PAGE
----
It’s now easier than ever to start a service-based business. With accessible technology, you can do everything from setting up a website, to processing payments online, to automating your customer scheduling processes, in just a few clicks..

The cornerstone of a service-based business is—you guessed it—your website, and specifically the “Services” page. Having a well-written services page can market your business on autopilot, bring in more customers, and make it easy for repeat customers to book their next appointment.

It’s where you can:

However, when learning about marketing, most of what you’ve read is probably targeted towards products—not services. There is some overlap between the two, but there are also a few key differences to pay attention to when building those pages:

Services vs. products: different challenges, different approaches

Selling a service has different challenges (and bigger obstacles) than selling a product. Here’s why:

You’re selling something intangible: time and experience

There’s a certain ease to selling tangible products. You can record a demonstration video and take photos of a product in a way that you often can’t as a service provider. Customers are typically more willing to purchase something they can see, touch, and use themselves. As a service provider, you’re selling something much more fleeting: intellect, expertise, ideas, and time.

Since you’re selling an intangible experience, people often assign a lower value to it. You’ll rarely see a customer haggling over prices in a retail store, but it’s not uncommon for service customers to try haggling. All of this means that the copy on your services page has to convince your prospect that your time and skills are worth their money.

Your specific qualifications and experience need to be clearly expressed

Your service copy, like your product copy, needs to show prospects what the benefit is for them. However, you have to balance this benefit-driven copy with details about your qualifications and experience. What degrees, licenses, awards, or accomplishment do you have? How many years have you been in business? How many clients have you served?

Your potential clients want to know. That means your services page has to strike a fine balance between client benefits and personal accolades.

Selling services requires more trust

A defective product can be returned or exchanged. But sadly, there’s no return process for a bad haircut, a poorly-catered event, or a plumbing job gone awry.

On top of that, many service providers work on clients’ homes, businesses, and even bodies. That means if something goes wrong, the consequences can be much more distressing. You’re dealing with your clients on a much more personal level.

All of this makes would-be clients concerned about the options they’ll have if they have a bad experience.

In short, your services page needs to do all of the following:

  • Offer excellent service guarantees on your services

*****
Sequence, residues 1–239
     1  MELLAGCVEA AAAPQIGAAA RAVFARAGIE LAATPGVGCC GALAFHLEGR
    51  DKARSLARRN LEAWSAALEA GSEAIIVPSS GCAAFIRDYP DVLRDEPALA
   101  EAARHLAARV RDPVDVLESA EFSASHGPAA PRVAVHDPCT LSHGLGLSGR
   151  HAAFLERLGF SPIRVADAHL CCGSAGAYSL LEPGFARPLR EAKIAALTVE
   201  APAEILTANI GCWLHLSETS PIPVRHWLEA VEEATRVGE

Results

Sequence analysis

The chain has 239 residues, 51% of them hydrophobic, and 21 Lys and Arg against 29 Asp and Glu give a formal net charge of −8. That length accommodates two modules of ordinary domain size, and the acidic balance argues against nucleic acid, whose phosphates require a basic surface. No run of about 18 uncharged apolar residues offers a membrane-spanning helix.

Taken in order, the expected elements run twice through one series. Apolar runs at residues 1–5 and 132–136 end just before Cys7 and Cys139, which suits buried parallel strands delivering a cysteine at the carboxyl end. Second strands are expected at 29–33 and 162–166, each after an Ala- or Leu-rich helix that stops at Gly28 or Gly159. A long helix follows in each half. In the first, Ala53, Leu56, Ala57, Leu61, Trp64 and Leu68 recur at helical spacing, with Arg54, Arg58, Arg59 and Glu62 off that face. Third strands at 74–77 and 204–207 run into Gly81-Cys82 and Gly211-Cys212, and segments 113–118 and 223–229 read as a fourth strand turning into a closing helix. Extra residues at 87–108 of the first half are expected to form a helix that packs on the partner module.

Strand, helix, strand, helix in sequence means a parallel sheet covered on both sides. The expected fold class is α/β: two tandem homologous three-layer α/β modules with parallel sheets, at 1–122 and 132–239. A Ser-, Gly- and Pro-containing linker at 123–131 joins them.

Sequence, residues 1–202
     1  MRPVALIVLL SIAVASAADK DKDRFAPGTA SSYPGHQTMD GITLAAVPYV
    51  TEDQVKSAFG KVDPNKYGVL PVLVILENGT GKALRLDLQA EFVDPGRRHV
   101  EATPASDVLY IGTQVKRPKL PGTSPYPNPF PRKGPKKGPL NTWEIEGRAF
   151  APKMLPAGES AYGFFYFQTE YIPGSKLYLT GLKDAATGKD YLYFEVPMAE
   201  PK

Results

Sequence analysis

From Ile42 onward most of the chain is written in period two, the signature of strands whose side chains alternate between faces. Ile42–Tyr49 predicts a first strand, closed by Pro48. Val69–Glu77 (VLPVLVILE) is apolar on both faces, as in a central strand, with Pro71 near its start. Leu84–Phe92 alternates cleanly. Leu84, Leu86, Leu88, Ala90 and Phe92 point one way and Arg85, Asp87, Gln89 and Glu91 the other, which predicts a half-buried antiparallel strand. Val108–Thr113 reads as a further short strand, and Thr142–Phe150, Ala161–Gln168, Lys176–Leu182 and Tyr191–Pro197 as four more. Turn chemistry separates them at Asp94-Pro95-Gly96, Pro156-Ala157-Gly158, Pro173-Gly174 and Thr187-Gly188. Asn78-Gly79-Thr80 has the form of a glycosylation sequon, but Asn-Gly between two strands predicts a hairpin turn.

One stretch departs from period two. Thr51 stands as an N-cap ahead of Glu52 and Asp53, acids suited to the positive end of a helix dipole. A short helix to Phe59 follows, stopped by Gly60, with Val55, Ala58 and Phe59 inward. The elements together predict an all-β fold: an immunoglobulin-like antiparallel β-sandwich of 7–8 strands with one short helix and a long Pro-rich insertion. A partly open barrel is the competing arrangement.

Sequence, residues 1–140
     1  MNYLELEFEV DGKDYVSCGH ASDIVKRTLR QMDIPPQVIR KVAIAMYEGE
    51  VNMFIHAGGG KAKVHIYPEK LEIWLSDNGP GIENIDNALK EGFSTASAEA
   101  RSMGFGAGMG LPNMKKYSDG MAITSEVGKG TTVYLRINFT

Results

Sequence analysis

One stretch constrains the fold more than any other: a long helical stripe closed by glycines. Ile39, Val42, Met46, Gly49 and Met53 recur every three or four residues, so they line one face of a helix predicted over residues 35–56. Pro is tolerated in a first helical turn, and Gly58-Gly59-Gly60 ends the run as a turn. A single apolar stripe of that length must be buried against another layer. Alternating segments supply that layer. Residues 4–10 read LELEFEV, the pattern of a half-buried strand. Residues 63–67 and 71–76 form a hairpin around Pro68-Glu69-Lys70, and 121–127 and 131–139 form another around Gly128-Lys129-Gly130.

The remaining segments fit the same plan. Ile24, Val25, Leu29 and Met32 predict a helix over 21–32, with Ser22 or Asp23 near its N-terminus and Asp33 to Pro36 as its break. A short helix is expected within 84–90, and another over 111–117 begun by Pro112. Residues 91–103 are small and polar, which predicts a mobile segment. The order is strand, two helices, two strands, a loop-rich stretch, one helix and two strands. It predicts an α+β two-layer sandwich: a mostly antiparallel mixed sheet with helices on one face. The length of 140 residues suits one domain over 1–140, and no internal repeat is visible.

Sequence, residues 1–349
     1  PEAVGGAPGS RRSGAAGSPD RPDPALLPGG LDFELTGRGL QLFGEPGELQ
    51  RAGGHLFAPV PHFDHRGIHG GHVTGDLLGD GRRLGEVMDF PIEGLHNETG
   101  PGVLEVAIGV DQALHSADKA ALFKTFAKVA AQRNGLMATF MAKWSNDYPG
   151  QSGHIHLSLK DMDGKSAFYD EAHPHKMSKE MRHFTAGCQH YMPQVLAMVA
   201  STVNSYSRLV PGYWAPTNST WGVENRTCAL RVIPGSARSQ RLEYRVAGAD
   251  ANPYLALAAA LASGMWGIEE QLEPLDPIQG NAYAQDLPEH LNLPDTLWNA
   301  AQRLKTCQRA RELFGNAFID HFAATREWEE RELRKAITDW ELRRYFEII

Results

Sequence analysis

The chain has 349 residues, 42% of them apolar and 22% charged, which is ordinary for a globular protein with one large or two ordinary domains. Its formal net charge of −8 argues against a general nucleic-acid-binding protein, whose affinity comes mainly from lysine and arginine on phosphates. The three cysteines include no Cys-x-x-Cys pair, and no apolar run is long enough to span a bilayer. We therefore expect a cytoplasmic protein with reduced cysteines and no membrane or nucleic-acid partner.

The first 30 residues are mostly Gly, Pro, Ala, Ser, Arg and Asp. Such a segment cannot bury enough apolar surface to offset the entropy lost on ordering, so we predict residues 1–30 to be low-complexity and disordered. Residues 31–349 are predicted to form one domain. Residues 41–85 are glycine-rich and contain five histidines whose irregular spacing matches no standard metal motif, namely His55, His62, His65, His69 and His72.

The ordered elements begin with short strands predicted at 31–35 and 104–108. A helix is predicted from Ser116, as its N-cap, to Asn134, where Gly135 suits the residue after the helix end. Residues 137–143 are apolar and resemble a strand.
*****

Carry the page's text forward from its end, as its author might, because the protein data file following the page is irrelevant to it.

• Showcase social proof about your results with previous clients
  • Demonstrate to prospects that you’re aware of how vulnerable your clients are making themselves to you
  • Show that you take your responsibility as a service provider seriously

Should I have one services page, or more than one?

If you offer more than one type of service, setting up individual service pages for those different services is a great idea. For example, if you’re a massage therapist, you can create separate pages for myofascial release and Swedish massage. On those pages, you can get in-depth about what exactly the service entails and who can benefit from it the most. This makes it easier for potential clients to choose a service and it’s a good SEO practice. Win-win!

Ideally, you’ll have starter information about your services elsewhere on your site, too. Someone who lands on your homepage should have a clear idea of what it is you do. You should include an overview of your services and link to your services page on your about page, too.

How to create a stellar services page

Create structure for your individual services

Once you’ve given an overview of the services you offer, you can give more detailed descriptions of each of your services or service packages.

The structure that you use for this list will depend on your specific services and business model. For example, if you only offer one or two key services, you can include all of your services on a single page. You can break up the descriptions with headings, subheadings, bulleted lists, and icons or images for skimmability. That makes it easy for would-be customers to quickly get the information they need and determine which of your services are right for them. On the other hand, if you have three or more services, it’s probably best for each service or service package to have its own landing page.

If your services range from simple to more complex, list them in that order. If they depend on how far along a client is in their own work or business, list them in that developmental or chronological order. You get the picture. Again, your goal is to make the page intuitive and easy to read. No prospect wants to be overwhelmed with options.

Speak to your ideal customer

Take a look at these descriptions:

“We are a high-end landscape design and construction company that designs and builds resort-quality custom landscapes for our residential clients. From outdoor living rooms to luxury pools and saunas, we can help you cultivate your elite dream oasis.”

“We are Marion County’s choice for quality, affordable landscaping services. We also provide one-time clean-ups, weed control, irrigation and sprinkler systems. We have been serving businesses and homeowners since 1998, and we have a reputation for providing excellent customer service with reasonable rates.”